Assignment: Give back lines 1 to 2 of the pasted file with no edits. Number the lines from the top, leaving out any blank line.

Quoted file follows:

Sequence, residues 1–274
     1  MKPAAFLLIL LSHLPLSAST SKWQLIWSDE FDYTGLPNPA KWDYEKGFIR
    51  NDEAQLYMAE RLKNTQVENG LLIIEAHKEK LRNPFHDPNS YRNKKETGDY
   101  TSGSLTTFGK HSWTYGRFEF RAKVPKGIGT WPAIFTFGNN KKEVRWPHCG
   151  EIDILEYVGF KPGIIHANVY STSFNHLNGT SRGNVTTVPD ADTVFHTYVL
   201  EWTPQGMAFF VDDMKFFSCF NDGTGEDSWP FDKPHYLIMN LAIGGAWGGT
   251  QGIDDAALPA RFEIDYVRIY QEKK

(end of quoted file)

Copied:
Sequence, residues 1–274
     1  MKPAAFLLIL LSHLPLSAST SKWQLIWSDE FDYTGLPNPA KWDYEKGFIR